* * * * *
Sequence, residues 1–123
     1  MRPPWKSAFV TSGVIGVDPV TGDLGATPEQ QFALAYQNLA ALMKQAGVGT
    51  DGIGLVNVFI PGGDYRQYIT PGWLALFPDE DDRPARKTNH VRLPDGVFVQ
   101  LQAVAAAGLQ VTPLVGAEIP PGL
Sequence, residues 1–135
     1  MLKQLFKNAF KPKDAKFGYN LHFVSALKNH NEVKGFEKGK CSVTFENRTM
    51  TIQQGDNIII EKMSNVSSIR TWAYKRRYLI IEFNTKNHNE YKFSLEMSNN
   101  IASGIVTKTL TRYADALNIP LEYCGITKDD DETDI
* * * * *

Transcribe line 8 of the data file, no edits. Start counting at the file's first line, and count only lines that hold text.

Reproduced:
   101  IASGIVTKTL TRYADALNIP LEYCGITKDD DETDI